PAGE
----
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June 13, 2011 by

We Are What We Wear?

Cross-posted with eJewish Philanthropy.

We all have narratives we tell ourselves about clothes. The inherited fur you can’t wear and can’t part with; the dress from a landmark simcha, too fancy for Goodwill, too out of date for the resale shop; that ratty hoodie from Camp Ramah. And more. Please tell us your story on the Lilith blog. You know you’re not alone.

Growing up, girls were supposed to be smart and look good. Or, at least appropriate. The being smart part had some flexibility, the looking good not so much. When I left Winnipeg for Brandeis, in the early 1960s, I sent ahead my trunk full of “appropriate” clothing, all with matching shoes and bags and gloves. Uh-Oh. Not so appropriate for the guitar-strumming, songs-of-social-protest-singing, Army-Navy-store-turtleneck-wearing cohort I discovered on that Waltham campus. Part of every story of social change can be told through our changing wardrobes.

Here’s a more recent story, from just a few months ago. I’m sitting in a Lilith salon at a college campus. About 15 Jewish women students are nibbling on hummus and pita and chewing over the state of the world. The evening’s conversation, which started out about mothers – taking off from a recent issue of Lilith magazine – quickly morphed into something else: What our clothes say about who we are and the people we choose to become. A woman in black pants and shirt gives her name, then remarks that she grew up in an Orthodox community where women dress in traditional, gender-specific, “modest” clothing. “When I started to wear pants, my mother got very worried. ‘If you’re not wearing a skirt, how will people know you’re Jewish?’” (more…)

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Live from the Lilith Blog

May 11, 2011 by

Charity Auctions Online: Benefits Beyond Financial Success

Cross-posted with eJewish Philanthropy.

You may have noticed that the gala benefit season is in full swing, and extreme donor fatigue has set in for some. In an email last week, a friend began by moaning, “I hate these things, and rarely go. But please come with me.”

Jews aren’t alone in this suffering. The Chronicle of Philanthropy last October headlined the dilemma as “Charities Rethink Galas.” The Chronicle suggests freshening things up with a silent auction, perhaps held alongside the cocktail hour, though there may be another way out of the rubber chicken (or sushi) circuit. On May 9, Lilith, the nonprofit Jewish feminist magazine, opens its fourth online-only auction as a route to raising funds without the extreme sport of event planning.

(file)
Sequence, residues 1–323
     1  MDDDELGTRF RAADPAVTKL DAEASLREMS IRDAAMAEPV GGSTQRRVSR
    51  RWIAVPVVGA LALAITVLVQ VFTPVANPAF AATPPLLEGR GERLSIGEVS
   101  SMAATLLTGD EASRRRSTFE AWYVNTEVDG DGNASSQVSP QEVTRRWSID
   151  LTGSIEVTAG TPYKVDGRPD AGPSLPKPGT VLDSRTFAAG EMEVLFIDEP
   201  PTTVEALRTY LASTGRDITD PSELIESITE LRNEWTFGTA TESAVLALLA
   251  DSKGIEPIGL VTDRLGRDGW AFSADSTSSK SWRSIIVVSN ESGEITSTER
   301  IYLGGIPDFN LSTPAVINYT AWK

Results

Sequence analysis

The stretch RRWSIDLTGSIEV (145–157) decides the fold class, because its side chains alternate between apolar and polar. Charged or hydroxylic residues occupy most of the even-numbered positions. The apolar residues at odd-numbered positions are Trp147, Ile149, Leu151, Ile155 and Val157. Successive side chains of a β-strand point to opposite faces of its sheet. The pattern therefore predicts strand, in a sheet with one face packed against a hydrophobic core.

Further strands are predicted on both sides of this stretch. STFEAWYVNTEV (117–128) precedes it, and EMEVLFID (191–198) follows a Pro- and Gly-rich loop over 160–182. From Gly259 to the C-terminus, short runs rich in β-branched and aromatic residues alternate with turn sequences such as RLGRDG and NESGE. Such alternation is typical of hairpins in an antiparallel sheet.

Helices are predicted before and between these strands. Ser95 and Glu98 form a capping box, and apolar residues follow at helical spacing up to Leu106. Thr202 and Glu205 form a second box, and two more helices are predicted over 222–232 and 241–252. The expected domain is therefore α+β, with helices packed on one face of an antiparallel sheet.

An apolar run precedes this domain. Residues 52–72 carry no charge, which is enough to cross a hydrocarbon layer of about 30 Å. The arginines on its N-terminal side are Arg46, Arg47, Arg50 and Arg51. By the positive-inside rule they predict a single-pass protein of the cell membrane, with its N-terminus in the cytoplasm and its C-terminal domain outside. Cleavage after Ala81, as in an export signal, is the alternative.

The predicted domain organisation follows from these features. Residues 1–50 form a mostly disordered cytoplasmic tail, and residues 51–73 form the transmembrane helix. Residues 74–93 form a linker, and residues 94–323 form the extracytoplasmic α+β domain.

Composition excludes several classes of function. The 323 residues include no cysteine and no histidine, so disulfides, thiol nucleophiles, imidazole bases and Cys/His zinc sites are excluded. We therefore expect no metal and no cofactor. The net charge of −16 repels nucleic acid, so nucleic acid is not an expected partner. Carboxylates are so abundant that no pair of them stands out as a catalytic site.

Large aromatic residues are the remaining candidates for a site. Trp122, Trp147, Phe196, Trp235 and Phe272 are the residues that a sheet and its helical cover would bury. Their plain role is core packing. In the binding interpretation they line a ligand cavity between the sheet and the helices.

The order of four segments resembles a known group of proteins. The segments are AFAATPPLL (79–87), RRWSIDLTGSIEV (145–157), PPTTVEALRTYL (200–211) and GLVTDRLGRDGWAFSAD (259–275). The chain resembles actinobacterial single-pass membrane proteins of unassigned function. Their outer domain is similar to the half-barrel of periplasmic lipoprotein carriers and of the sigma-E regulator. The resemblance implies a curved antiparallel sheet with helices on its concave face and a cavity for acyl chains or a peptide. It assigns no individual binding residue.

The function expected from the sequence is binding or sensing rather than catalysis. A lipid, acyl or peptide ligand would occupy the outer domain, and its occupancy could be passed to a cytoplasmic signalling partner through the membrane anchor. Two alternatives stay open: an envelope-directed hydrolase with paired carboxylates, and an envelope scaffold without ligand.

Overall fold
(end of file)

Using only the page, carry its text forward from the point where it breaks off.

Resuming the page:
It may seem strange that in almost 35 years as a Jewish nonprofit Lilith has not yet held a large-scale fundraising event. A couple of years ago, though, when we hosted a small spring cocktail party in Manhattan as an egalitarian way to draw in women across the age spectrum for an evening of “friendraising,” socializing and good talk, we decided to pair it with a silent auction. The offerings ranged from ritual objects and art-glass paperweights to, well, sex toys donated by a women-owned business. Vintage clothing and jewelry, autographed books, a Hazon cycling outfit, original art, Zabar’s goodies, a Miriam’s Cup, and assorted “experiences,” including a portrait session with photographer Joan Roth. And while there was terrific fun at this face-to-face gathering – held, appropriately, at the Drisha Institute for Jewish Education, where women go for advanced Jewish study – we questioned whether the modest financial take was worth the trouble. Since then, we’ve learned a thing or two. We discovered, as we were in the process of cataloguing items for the face-to-face auction, that there are online sites, like, geared specifically to assisting nonprofits manage auctions like ours exclusively online.

Starting in 2009, Lilith’s has had modestly gratifying financial success with twice-yearly online auctions using Bidding for Good. The financial benefit is no surprise, but there have been other, unanticipated lessons and outcomes beyond the auctions’ dollar value. (more…)